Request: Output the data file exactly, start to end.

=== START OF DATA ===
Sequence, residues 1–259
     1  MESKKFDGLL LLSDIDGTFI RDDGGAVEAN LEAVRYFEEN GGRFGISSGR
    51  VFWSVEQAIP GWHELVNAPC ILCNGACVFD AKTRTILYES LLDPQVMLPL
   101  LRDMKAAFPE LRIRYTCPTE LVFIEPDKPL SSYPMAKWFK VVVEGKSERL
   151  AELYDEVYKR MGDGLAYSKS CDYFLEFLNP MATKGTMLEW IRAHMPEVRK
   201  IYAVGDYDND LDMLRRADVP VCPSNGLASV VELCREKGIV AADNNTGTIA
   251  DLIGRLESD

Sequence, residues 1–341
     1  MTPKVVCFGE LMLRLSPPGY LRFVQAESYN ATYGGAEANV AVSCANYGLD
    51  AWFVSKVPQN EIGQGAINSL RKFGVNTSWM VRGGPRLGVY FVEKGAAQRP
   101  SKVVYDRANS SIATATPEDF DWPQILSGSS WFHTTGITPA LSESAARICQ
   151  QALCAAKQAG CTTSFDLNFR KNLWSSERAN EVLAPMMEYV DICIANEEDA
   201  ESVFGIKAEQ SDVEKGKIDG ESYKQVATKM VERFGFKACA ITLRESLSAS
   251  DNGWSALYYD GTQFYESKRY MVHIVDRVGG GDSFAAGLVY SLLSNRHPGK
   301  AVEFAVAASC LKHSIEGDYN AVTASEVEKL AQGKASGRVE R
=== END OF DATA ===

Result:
Sequence, residues 1–259
     1  MESKKFDGLL LLSDIDGTFI RDDGGAVEAN LEAVRYFEEN GGRFGISSGR
    51  VFWSVEQAIP GWHELVNAPC ILCNGACVFD AKTRTILYES LLDPQVMLPL
   101  LRDMKAAFPE LRIRYTCPTE LVFIEPDKPL SSYPMAKWFK VVVEGKSERL
   151  AELYDEVYKR MGDGLAYSKS CDYFLEFLNP MATKGTMLEW IRAHMPEVRK
   201  IYAVGDYDND LDMLRRADVP VCPSNGLASV VELCREKGIV AADNNTGTIA
   251  DLIGRLESD

Sequence, residues 1–341
     1  MTPKVVCFGE LMLRLSPPGY LRFVQAESYN ATYGGAEANV AVSCANYGLD
    51  AWFVSKVPQN EIGQGAINSL RKFGVNTSWM VRGGPRLGVY FVEKGAAQRP
   101  SKVVYDRANS SIATATPEDF DWPQILSGSS WFHTTGITPA LSESAARICQ
   151  QALCAAKQAG CTTSFDLNFR KNLWSSERAN EVLAPMMEYV DICIANEEDA
   201  ESVFGIKAEQ SDVEKGKIDG ESYKQVATKM VERFGFKACA ITLRESLSAS
   251  DNGWSALYYD GTQFYESKRY MVHIVDRVGG GDSFAAGLVY SLLSNRHPGK
   301  AVEFAVAASC LKHSIEGDYN AVTASEVEKL AQGKASGRVE R